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[peer] /pɪər/
a person of the same legal status:
a jury of one's peers.
a person who is equal to another in abilities, qualifications, age, background, and social status.
something of equal worth or quality:
a sky-scraper without peer.
a nobleman.
a member of any of the five degrees of the nobility in Great Britain and Ireland (duke, marquis, earl, viscount, and baron).
Archaic. a companion.
Origin of peer1
1175-1225; Middle English per < Old French per < Latin pār equal


[peer] /pɪər/
verb (used without object)
to look narrowly or searchingly, as in the effort to discern clearly.
to peep out or appear slightly.
to come into view.
1585-95; perhaps aphetic variant of appear
Related forms
peeringly, adverb
1. See peep1 . Unabridged
Based on the Random House Dictionary, © Random House, Inc. 2015.
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Examples from the web for peer
  • They bring you a mirror and you peer and stare.
  • As the one being observed, you can receive some extremely valuable feedback from a peer.
  • Sighting movement, he began to peer through his scope.
  • These three phenomena are what provide the blur when earthbound astronomers attempt to peer at the stars with precision.
  • I've never given into peer pressure.
  • Ohio University has taken the unusual step of banning peer-to-peer software on its campus, a policy that took effect today.
  • There, Tao says, he finally found his peer group—people who loved math as much as he did.
  • Online peer-reviewed journals typically have faster turn-around times.
  • Wandering around the sprawling harvest market, I peer into tents filled with dates, peppers and pumpkins.
  • In following this peer-review process, such electronic journals hope to attain the same legitimacy granted to their print cousins.
British Dictionary definitions for peer


a member of a nobility; nobleman
a person who holds any of the five grades of the British nobility: duke, marquess, earl, viscount, and baron See also life peer
  1. a person who is an equal in social standing, rank, age, etc
  2. (as modifier): peer pressure
(archaic) a companion; mate
Word Origin
C14 (in sense 3): from Old French per, from Latin pār equal


verb (intransitive)
to look intently with or as if with difficulty: to peer into the distance
to appear partially or dimly: the sun peered through the fog
Word Origin
C16: from Flemish pieren to look with narrowed eyes
Collins English Dictionary - Complete & Unabridged 2012 Digital Edition
© William Collins Sons & Co. Ltd. 1979, 1986 © HarperCollins
Publishers 1998, 2000, 2003, 2005, 2006, 2007, 2009, 2012
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Word Origin and History for peer

c.1300, "an equal in rank or status" (early 13c. in Anglo-Latin), from Anglo-French peir, Old French per (10c.), from Latin par "equal" (see par (n.)). Sense of "a noble" (late 14c.) is from Charlemagne's Twelve Peers in the old romances, who, like the Arthurian knights of the Round Table, originally were so called because all were equal. Sociological sense of "one of the same age group or social set" is from 1944. Peer review attested by 1970. Peer pressure is first recorded 1971.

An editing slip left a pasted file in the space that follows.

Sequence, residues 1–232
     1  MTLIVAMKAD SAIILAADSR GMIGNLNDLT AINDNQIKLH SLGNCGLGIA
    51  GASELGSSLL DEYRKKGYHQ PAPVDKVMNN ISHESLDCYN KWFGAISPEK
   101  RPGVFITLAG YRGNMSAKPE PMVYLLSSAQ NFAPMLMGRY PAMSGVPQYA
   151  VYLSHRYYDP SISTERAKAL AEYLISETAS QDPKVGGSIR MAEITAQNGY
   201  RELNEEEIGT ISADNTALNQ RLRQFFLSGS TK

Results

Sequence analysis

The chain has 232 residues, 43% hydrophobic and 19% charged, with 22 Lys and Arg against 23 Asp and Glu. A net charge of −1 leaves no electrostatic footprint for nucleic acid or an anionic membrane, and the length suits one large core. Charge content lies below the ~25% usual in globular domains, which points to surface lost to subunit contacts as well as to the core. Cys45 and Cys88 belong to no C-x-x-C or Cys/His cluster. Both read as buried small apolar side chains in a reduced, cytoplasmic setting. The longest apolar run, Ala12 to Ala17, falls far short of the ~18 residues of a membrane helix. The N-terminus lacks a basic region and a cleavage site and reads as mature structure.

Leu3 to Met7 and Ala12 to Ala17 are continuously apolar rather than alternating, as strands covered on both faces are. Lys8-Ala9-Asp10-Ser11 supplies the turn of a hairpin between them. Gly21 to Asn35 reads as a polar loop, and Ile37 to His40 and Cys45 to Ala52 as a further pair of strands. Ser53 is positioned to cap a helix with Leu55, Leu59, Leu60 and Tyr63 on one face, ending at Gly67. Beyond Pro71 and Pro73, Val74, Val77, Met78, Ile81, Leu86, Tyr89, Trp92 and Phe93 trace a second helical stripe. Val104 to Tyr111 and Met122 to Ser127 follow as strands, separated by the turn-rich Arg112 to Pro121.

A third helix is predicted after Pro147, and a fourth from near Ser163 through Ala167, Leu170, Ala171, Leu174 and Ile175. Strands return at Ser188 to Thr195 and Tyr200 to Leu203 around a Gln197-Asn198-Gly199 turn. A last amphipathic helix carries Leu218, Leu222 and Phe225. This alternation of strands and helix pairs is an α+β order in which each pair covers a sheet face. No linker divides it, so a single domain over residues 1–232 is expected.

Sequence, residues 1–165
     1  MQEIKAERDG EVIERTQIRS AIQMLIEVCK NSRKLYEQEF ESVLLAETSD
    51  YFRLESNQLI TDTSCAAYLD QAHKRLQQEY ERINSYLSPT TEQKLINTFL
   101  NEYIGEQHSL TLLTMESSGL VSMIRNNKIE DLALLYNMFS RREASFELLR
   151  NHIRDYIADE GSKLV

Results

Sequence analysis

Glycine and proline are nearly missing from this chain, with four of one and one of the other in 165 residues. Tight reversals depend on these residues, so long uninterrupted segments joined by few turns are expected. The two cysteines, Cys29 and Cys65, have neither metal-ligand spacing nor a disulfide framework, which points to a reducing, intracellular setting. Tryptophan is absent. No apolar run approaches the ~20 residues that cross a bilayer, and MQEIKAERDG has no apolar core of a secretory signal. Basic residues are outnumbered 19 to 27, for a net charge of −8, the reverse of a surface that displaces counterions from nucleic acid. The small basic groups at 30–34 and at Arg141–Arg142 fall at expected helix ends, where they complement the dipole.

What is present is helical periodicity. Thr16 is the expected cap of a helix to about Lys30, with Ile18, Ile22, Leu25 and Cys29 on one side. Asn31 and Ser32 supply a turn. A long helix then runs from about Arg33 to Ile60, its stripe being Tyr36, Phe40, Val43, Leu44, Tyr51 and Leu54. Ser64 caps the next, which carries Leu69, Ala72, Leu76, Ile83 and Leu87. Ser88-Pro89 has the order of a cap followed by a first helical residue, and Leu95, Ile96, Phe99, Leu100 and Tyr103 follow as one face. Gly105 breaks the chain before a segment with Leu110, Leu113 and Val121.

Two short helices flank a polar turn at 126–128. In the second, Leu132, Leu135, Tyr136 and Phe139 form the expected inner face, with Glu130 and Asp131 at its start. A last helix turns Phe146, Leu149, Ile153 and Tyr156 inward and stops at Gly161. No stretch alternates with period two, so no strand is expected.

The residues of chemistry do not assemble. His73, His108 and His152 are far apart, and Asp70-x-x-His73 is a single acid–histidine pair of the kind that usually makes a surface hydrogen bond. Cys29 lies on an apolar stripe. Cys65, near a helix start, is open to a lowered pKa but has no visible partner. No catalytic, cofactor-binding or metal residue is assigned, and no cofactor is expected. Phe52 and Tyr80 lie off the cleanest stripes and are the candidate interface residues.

"to look closely," 1590s, variant of piren (late 14c.), with a long -i-, probably related to or from East Frisian piren "to look," of uncertain origin. Influenced in form and sense by Middle English peren (late 14c.), shortened form of aperen (see appear). Related: Peered; peering.

Online Etymology Dictionary, © 2010 Douglas Harper
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peer in Technology
A unit of communications hardware or software that is on the same protocol layer of a network as another. A common way of viewing a communications link is as two protocol stacks, which are actually connected only at the very lowest (physical) layer, but can be regarded as being connected at each higher layer by virtue of the services provided by the lower layers. Peer-to-peer communication refers to these real or virtual connections between corresponding systems in each layer.
To give a simple example, when two people talk to each other, the lowest layer is the physical layer which concerns the sound pressure waves travelling from mouth to ear (so mouths and ears are peers) the next layer might be the speech and hearing centres in the people's brains and the top layer their cerebellums or minds. Although, barring telepathy, nothing passes directly between the two minds, there is a peer-to-peer communication between them.
The Free On-line Dictionary of Computing, © Denis Howe 2010
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Related Abbreviations for peer


  1. Performance Efficiency Evaluation Report
  2. Program for Extraordinary Experience Research
The American Heritage® Abbreviations Dictionary, Third Edition
Copyright © 2005 by Houghton Mifflin Company.
Published by Houghton Mifflin Company. All rights reserved.
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